By Dr Ananya Mandal, MD
Abstinence refers to the voluntary restraint from experiencing or indulging in bodily pleasures. This includes foods, smoking, alcohol, drugs of abuse and sexual intercourse. Abstinence may be practiced due to several reasons including health, philosophical considerations, social considerations or religious practices.
In most faiths there is an ascetic element that guides towards a subjective need for spiritual discipline. Religion means to elevate the believer above normal life of desire to walk on path of complete renunciation. This is a principle that is shared by abstinence.
For Jewish people the principal day of fast is Yom Kippur, the Day of Atonement.
Among those following Islam the period of fasting lasts during the whole month of Ramadan. Each day of the month of Ramadan, people of the faith, fast without anything to eat or drink from dawn to dusk.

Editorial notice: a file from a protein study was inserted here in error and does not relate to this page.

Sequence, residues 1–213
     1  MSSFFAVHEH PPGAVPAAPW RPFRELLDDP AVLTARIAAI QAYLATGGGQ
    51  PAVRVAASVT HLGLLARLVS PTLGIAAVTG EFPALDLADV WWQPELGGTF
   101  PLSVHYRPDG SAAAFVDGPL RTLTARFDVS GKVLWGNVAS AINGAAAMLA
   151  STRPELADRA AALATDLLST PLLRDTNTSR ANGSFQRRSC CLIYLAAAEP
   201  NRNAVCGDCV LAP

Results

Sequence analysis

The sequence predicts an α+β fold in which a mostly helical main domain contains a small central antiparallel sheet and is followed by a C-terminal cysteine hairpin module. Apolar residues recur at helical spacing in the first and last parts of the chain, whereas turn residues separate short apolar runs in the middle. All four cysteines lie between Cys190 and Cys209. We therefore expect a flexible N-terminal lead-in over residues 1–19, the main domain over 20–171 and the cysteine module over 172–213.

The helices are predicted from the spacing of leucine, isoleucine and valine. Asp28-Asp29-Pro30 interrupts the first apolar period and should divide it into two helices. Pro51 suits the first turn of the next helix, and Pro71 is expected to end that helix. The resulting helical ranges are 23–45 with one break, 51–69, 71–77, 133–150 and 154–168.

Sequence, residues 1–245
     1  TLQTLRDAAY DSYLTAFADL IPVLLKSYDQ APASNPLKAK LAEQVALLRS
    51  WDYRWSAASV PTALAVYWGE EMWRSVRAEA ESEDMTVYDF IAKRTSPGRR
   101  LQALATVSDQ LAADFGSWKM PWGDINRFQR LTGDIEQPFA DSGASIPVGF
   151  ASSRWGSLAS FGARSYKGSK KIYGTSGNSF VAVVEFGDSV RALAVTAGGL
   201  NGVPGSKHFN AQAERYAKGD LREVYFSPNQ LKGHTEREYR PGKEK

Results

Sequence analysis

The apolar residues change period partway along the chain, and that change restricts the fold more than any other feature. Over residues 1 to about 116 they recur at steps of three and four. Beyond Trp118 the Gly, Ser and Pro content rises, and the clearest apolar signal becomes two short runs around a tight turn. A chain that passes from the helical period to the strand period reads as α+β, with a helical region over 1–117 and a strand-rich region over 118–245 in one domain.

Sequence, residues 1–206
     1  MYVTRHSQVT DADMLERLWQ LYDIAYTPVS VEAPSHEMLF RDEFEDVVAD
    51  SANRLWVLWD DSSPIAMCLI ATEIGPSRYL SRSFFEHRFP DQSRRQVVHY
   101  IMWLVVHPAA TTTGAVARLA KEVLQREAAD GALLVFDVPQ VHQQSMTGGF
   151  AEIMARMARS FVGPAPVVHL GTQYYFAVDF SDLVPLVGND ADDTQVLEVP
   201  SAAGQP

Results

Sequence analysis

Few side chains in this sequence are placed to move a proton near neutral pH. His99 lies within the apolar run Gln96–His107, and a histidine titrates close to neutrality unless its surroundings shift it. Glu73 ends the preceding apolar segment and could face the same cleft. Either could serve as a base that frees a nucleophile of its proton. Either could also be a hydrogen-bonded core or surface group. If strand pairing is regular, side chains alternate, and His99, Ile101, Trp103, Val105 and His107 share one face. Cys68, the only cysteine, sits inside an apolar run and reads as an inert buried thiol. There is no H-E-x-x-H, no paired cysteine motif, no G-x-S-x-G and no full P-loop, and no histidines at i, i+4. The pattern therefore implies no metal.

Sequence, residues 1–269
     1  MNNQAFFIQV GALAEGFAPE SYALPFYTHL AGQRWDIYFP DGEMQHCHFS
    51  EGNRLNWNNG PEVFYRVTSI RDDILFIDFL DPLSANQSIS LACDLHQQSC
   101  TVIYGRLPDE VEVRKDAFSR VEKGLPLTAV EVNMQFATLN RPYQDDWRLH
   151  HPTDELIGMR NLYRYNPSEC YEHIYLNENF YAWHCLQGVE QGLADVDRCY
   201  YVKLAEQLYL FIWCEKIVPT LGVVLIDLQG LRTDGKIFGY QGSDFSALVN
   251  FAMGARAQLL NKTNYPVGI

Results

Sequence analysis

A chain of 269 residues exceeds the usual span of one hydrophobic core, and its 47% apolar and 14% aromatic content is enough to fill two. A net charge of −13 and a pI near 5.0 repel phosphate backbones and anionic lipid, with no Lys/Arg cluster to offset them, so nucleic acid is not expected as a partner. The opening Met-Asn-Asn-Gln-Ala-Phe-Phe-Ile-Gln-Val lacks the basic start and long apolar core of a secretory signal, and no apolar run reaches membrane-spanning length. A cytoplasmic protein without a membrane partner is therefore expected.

Hindus fast on several festivals sometimes going without food or water and sometimes living only on fruits and dairy products. Followers of Hinduism also observe certain days when they may abstain completely from eating meat, eggs or fish. This is called vegetarianism. Some faiths like Buddhism and Jainism may advocate complete vegetarianism.
Catholics and Orthodox Christians abstain from food and drink for an hour prior to taking Holy Communion, and abstain from meat on Ash Wednesday and during Lent. Many Catholics abstain all Fridays in the year.
For observing Catholics fasting refers to the discipline of taking one full meal a day and abstinence refers to eating no meat (fish is allowed). Some Protestants abstain from drinking alcohol and the use of tobacco.
The Seventh-day Adventist Church encourages the consumption of only clean meats as specified in Leviticus and strongly discourages the consumption of alcohol, smoking and the use of narcotics.
Mormons abstain from certain foods and drinks by combining spiritual discipline. Mormons also fast one day a month and the money saved by skipping meals is donated to the needy.
Both Jews and Muslims abstain from pork in their regular diet. Hindus abstain from beef in their diet.
In many faiths including Islam, Hinduism, Christianity, pre-marital sex is prohibited.
Reviewed by April Cashin-Garbutt, BA Hons (Cantab)
Last Updated: Jan 29, 2013